for pesticides or things like heavy metals. The farm can’t keep up with all the federal
researchers so if the DEA allowed other sources of cannabis
that are well vetted. That’s an important next step. Recently hemp was made legal and that is very
exciting for us because hemp could be a source for cannabidiol because right now as researchers
we don’t have a good source. There’s a huge interest in the medical field
to better understand efficacies, side effects, tolerability, what sort of best ways to deliver
it. The chief mission at this point is to have
rational, scientifically-based, medically-based regulation of research. And that really requires action from Congress. Epidiolex, is now Schedule 5, meaning the
DEA says that it has accepted medical use and limited abuse potential. So it’s hard for me to understand how the
DEA can say that one product is Schedule 1, and one product is Schedule 5. And that is the chief quandary, I think. I don’t know how we can reconcile that without simply changing the designation of all marijuana products. We have to recognize that marijuana in general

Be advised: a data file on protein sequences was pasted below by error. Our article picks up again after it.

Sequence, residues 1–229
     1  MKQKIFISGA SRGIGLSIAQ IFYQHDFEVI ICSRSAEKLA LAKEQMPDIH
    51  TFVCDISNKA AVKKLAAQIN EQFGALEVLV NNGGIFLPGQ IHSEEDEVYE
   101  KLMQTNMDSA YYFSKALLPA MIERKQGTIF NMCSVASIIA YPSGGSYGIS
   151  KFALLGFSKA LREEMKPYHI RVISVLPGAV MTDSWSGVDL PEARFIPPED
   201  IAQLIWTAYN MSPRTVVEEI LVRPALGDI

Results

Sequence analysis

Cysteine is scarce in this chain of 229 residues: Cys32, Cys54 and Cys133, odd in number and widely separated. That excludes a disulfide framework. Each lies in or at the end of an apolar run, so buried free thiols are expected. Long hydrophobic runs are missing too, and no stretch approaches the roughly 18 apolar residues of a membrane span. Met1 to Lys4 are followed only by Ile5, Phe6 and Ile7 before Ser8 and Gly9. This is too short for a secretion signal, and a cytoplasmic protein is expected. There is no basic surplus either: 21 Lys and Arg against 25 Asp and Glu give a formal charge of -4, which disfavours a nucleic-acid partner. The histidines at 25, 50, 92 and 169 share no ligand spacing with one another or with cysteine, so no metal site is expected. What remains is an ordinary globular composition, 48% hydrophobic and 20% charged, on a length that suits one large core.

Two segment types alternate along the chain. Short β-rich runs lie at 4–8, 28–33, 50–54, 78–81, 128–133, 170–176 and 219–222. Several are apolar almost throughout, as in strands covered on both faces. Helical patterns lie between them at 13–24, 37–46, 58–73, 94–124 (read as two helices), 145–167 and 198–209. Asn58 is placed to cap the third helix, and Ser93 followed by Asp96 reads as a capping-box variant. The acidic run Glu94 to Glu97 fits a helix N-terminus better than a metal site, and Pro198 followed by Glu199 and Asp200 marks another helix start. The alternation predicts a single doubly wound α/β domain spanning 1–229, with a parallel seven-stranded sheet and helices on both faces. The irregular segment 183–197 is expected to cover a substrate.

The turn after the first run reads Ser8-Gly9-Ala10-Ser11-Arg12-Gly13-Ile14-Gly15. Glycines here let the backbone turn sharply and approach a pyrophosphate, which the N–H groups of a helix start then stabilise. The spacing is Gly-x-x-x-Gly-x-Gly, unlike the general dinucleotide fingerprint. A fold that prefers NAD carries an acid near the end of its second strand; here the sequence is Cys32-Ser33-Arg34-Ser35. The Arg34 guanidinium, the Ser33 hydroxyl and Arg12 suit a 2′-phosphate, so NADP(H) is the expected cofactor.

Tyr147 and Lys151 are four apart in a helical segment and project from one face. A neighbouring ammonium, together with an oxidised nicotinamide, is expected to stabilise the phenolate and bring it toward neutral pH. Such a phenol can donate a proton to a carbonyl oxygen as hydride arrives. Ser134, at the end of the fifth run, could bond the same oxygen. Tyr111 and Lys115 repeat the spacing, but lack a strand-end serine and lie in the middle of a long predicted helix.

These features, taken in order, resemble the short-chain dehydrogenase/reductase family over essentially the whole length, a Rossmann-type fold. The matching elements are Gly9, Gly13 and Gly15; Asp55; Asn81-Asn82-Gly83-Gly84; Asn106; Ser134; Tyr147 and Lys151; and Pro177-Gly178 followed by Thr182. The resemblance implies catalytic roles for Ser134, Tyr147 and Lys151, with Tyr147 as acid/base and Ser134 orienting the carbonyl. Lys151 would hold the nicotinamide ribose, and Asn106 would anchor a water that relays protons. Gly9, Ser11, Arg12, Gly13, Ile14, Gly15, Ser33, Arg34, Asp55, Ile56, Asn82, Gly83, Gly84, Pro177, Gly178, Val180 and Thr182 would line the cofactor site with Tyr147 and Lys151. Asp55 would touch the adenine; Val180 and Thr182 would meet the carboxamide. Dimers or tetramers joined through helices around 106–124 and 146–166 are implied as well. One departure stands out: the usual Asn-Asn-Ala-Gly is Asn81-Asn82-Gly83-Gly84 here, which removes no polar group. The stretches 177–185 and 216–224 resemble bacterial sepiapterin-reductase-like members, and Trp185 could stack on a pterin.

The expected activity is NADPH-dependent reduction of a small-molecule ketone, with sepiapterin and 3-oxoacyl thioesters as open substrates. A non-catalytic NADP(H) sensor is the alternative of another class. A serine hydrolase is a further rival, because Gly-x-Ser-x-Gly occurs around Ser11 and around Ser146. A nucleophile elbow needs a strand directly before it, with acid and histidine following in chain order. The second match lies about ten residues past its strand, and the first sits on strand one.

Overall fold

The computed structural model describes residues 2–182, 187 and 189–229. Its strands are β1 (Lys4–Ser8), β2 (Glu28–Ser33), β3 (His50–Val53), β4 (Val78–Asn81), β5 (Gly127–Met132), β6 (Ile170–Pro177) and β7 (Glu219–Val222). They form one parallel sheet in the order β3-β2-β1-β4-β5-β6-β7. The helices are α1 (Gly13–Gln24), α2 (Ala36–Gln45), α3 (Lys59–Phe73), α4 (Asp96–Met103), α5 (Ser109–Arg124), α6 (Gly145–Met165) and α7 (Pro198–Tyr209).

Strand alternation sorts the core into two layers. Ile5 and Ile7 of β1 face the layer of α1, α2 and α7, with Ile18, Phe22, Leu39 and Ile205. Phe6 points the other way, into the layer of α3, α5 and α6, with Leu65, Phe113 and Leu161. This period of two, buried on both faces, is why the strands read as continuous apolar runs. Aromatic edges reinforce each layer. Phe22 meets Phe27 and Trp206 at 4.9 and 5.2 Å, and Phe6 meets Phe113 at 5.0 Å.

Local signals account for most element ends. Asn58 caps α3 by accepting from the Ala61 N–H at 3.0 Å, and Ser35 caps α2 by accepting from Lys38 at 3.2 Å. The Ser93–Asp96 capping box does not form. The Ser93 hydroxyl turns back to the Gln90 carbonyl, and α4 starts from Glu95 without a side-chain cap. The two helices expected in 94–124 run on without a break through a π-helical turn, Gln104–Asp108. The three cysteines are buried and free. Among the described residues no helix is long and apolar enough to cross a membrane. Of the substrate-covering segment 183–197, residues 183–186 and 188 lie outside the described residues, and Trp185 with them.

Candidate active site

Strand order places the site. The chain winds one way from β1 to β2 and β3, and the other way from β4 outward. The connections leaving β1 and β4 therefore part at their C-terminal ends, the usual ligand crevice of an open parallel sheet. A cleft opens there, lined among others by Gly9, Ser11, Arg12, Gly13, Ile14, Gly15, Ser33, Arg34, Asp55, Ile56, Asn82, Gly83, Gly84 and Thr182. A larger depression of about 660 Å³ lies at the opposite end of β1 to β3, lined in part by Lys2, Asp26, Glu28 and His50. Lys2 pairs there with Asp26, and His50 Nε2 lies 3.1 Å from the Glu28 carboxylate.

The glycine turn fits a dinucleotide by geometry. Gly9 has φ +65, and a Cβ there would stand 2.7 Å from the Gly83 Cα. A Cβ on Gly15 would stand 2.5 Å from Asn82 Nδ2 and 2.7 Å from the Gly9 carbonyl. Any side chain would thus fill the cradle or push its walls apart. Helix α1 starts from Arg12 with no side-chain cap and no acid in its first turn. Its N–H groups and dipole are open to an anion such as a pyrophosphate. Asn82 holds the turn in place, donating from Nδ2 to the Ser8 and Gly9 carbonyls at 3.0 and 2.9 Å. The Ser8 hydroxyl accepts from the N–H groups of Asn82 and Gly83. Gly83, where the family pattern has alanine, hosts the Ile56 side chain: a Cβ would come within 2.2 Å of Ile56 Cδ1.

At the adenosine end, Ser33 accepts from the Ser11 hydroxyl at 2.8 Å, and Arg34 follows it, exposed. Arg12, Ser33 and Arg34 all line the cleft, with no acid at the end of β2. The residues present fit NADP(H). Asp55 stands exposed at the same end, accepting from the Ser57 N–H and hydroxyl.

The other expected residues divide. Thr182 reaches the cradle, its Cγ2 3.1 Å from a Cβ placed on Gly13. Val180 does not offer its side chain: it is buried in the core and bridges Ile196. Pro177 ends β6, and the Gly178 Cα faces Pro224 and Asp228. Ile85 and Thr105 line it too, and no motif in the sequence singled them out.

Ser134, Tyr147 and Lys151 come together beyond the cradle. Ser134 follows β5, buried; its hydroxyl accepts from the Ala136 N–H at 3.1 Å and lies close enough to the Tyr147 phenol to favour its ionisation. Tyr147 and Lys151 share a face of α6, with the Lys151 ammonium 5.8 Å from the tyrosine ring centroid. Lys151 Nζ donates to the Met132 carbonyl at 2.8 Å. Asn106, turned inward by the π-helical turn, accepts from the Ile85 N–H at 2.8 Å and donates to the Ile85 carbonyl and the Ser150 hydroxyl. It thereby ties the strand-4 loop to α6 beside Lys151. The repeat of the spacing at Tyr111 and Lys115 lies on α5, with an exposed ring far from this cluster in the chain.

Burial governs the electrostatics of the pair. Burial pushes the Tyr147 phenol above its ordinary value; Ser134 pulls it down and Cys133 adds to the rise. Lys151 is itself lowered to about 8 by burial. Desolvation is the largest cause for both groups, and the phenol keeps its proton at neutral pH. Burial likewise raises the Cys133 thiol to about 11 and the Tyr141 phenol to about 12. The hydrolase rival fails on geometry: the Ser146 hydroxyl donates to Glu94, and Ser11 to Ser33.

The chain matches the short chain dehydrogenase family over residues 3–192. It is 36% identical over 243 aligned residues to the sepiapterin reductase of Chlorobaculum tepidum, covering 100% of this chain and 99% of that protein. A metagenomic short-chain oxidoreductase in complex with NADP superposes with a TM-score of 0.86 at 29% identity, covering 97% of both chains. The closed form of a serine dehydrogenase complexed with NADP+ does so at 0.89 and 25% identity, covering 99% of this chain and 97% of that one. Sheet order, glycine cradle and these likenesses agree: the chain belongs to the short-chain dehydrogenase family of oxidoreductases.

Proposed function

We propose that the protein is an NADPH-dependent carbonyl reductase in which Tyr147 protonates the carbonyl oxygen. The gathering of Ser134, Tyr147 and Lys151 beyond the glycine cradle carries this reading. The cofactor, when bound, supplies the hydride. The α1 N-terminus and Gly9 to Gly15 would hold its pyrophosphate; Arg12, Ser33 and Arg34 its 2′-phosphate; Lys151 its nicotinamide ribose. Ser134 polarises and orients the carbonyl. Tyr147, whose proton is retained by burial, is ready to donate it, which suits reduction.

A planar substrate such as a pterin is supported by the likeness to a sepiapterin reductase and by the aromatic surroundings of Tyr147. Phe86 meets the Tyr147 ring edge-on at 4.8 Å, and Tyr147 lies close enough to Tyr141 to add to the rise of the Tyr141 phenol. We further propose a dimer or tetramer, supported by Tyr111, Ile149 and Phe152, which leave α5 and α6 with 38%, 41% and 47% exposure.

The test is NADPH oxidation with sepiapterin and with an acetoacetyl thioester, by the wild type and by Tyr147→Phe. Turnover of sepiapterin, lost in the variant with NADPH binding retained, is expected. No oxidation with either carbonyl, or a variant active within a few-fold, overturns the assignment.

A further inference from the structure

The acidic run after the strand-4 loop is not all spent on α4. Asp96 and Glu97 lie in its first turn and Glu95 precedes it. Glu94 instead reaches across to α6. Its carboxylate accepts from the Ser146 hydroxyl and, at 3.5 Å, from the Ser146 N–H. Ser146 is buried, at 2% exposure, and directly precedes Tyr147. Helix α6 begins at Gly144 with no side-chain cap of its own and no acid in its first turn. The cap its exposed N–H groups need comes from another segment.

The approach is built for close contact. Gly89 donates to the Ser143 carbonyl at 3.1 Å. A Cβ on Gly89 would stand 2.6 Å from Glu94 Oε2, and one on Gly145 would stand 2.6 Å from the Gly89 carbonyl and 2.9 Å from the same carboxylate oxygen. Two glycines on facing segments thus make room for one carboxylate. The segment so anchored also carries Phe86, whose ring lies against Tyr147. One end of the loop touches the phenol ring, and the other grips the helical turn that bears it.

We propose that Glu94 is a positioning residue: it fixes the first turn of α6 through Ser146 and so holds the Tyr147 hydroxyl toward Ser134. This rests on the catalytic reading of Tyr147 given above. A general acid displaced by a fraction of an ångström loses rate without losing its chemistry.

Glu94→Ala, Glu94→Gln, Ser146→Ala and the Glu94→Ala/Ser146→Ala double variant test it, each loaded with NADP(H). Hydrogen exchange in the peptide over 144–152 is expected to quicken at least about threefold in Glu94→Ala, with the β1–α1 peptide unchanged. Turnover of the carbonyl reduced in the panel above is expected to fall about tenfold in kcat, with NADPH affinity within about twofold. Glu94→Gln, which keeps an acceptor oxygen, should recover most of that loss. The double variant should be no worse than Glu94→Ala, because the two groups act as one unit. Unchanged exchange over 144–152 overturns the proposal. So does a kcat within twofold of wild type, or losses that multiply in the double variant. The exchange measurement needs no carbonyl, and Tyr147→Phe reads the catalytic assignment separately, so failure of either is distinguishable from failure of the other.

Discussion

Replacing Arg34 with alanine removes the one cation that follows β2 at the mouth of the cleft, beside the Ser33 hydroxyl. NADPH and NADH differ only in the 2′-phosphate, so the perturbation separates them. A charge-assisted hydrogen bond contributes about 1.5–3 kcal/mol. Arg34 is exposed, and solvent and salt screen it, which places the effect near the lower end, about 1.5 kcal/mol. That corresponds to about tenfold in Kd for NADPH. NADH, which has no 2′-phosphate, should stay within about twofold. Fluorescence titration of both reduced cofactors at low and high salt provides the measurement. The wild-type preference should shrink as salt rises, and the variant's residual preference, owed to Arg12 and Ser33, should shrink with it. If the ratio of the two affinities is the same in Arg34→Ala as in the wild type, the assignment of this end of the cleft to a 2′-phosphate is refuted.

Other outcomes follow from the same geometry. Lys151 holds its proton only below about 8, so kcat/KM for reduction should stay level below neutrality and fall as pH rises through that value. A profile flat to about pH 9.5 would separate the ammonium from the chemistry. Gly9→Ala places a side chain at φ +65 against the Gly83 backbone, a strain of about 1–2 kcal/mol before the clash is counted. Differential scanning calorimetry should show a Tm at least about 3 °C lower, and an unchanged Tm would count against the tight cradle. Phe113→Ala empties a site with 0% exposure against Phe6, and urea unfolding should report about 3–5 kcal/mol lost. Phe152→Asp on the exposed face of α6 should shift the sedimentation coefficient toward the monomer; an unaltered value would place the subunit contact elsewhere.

does have therapeutic potential, and that at the very least it should be scheduled as
a Schedule 2 drug, meaning it’s a drug that has some acceptable use but still has potential
for abuse. That would be scientifically rational. We have a tough challenge before us. We need to balance our desire to do things
that are most scientifically rigorous with the need to make real forward progress with
these diseases that are so severe and for which the need for new therapies is so desperate.